Since there appears to be no ready-made solution to this dilemma, I had to come up with my own answer. I tried to be creative and think about what I could, and couldnšt, control. I have no control over people wanting to hover over me should I collapse and not be able to speak, but I could have control over what was on my bracelet. The smart thing seemed to be to write a new Health Care Power of Attorney document naming my aunt as my agent, providing her with a list of specific instructions about what should, or should not, be done for me, and buying a pager for her (the pager was not effective FOR ME, as it's too easy to forget to wear it, so I stopped that tactic). All that Medic Alert backup can provide is a statement that I have a health care proxy and give her phone number. They will not keep a copy of the document; they can only inform the caller that the document exists, and I carry a NOTARIZED copy with me at all times. I have written a script for my aunt that is easy to follow and understand, and we have had some "rehersals" about what to say and do. I made it clear that I donšt want any medical care unless I give my express verbal consent. She has an original copy in her possession at all times, as do I. Like many people with MCS, I have learned that most doctors are pretty uninformed about petrochemicals, and I am savvy enough to direct my own health care in an emergency. With a legal document behind me, I can refuse treatments that I know will be harmful to me, even if a doctor doesnšt agree. I made it clear in the document that I wasnšt refusing ALL medical care, and I was authorizing SPECIFIC medical care, like setting a broken arm, provided I give my consent. Included in the Health Care Power of Attorney document are lists of substances that I can't tolerate, down to such specific things such as Liquid Paper and hair spray, as well as a list of substances that I CAN tolerate, such as Neurontin and saline IV solutions from glass bottles and sodium bicarbonate. If I am with a friend, I ALWAYS tell my friend NOT to call an ambulance if I get sick and show them where they can find my papers and my sodium bicarb/potassium bicarb pills that help me tremendously.
This was the only way I could think of to protect myself from the "allopathic medical care by default" system in our country. For most of the population, this system is fine, and it prolongs the lives of many people. However, those of us with MCS (as well as those with asthma, emphysema and other respiratory illnesses) are exceptions to "the system". Can you imagine having a medical team, all wearing latex gloves, trying to put a brand new plastic oxygen mask on you, or trying to put an un-outgassed plastic tube down your throat so you can breathe? Twice, I have had the distinct displeasure of having oxygen from a plastic mask put on my face despite my objections, and becoming violently sick both times. One nurse even had the nerve to tell me that I was "making up" my reaction; she emphatically stated that there was "no way" the oxygen mask could have made me sick! Despite being an educated professional with a Ph.D., articulate and knowledgeable of medical lingo, I could not prevent the ER personnel from forcing treatments on me, claiming they were for "my own good." The staff was willing to take directions from a MALE friend in the waiting room whom no one knew, yet they wouldnšt listen to me. I donšt understand what part of "no" they didnšt understand when it was clear that I was conscious and sane. Sadly, once you pass through the ER doors and become a "patient", all the rules change, and they donšt necessarily go in your favor. When you go to a hospital, you lose your civil rights faster than you can imagine.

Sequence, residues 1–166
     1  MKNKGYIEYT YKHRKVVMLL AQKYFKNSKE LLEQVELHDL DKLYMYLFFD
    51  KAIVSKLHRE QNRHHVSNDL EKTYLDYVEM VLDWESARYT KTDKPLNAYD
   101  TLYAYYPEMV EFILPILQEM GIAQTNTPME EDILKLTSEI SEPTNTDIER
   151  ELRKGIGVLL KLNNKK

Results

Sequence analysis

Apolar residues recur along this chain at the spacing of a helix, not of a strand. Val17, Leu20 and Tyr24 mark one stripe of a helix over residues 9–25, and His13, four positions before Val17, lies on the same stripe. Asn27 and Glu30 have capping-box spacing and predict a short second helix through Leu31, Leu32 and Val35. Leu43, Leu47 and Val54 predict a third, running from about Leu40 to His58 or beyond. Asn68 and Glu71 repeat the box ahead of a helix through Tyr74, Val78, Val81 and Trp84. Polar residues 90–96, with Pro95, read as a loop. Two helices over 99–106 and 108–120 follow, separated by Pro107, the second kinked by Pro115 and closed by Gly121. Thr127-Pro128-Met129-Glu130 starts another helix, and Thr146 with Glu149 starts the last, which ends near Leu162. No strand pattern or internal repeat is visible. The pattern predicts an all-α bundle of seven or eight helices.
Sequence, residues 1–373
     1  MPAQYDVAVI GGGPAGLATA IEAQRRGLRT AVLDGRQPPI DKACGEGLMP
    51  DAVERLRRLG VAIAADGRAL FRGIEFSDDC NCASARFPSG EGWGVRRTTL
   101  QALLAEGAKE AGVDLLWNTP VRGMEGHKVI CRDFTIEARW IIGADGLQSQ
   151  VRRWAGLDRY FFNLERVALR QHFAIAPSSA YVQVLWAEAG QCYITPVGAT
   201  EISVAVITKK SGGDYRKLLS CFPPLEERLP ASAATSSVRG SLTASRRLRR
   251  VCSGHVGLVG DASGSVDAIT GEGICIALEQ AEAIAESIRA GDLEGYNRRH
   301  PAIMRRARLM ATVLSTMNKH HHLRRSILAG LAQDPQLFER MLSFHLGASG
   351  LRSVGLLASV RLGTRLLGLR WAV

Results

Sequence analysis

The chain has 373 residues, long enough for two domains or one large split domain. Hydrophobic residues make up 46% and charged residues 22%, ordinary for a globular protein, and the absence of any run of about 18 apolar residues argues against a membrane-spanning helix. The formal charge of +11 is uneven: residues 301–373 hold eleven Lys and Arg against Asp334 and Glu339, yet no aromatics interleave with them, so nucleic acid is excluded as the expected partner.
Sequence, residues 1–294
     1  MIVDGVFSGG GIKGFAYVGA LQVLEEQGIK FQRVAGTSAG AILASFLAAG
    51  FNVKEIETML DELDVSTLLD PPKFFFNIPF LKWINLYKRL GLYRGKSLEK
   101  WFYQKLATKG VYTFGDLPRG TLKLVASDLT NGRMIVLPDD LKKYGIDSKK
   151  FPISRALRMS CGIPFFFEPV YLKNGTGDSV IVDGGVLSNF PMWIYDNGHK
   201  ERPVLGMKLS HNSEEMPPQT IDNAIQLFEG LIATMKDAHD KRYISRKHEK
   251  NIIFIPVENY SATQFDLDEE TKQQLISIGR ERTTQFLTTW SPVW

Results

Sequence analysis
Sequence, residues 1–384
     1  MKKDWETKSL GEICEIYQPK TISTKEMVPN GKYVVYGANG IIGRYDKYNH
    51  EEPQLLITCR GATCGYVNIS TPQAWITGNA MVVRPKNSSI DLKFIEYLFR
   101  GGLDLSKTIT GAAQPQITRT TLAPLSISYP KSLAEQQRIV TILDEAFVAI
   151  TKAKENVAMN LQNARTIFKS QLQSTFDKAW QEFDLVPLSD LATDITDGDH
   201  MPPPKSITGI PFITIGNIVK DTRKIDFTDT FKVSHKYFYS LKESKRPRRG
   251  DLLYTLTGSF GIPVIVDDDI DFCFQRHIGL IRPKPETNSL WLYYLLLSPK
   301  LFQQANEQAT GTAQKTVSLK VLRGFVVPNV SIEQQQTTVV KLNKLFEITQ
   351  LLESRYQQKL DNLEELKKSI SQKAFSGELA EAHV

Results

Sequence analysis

If anyone else has found another way to prevent being hauled off to the ER when they have a reaction, I would love to hear about it. This is not a simple problem to solve. MCS is not a simple problem to solve, either. It canšt be easy for a relative to agree to his/her niece's wish not to go to a hospital if there seems to be a life-threatening situation. I would rather die in my home or outside on a sidewalk on my own terms rather than be tortured in a chemically-laden hospital. I am fighting for the legal right to make my own informed choices about my health care, be they right or wrong. I want these decisions to be left up to me, not to the prevailing state and/or federal legislation.
If you wish to share comments or information about this subject, please contact me by mail at PO Box 89231, Charlotte, NC, 28220 or via e-mail at the address at the bottom of the main page. I welcome suggestions and solutions that have helped others. I feel like I am in uncharted waters here, and will follow this up with my state legislators. Just as people have the right to have emergency medical care regardless of their ability to pay, we should have the right NOT to have emergency medical care if that is our informed decision. This is an issue for the legislature to decide. If onešs wish to be an organ donor can easily be put on a driveršs license, why can't an informed decision to decline emergency medical care be noted likewise?
I am not asking that anyone agree with this opinion and solution. It is only offered as ONE possibility of a way to protect yourself.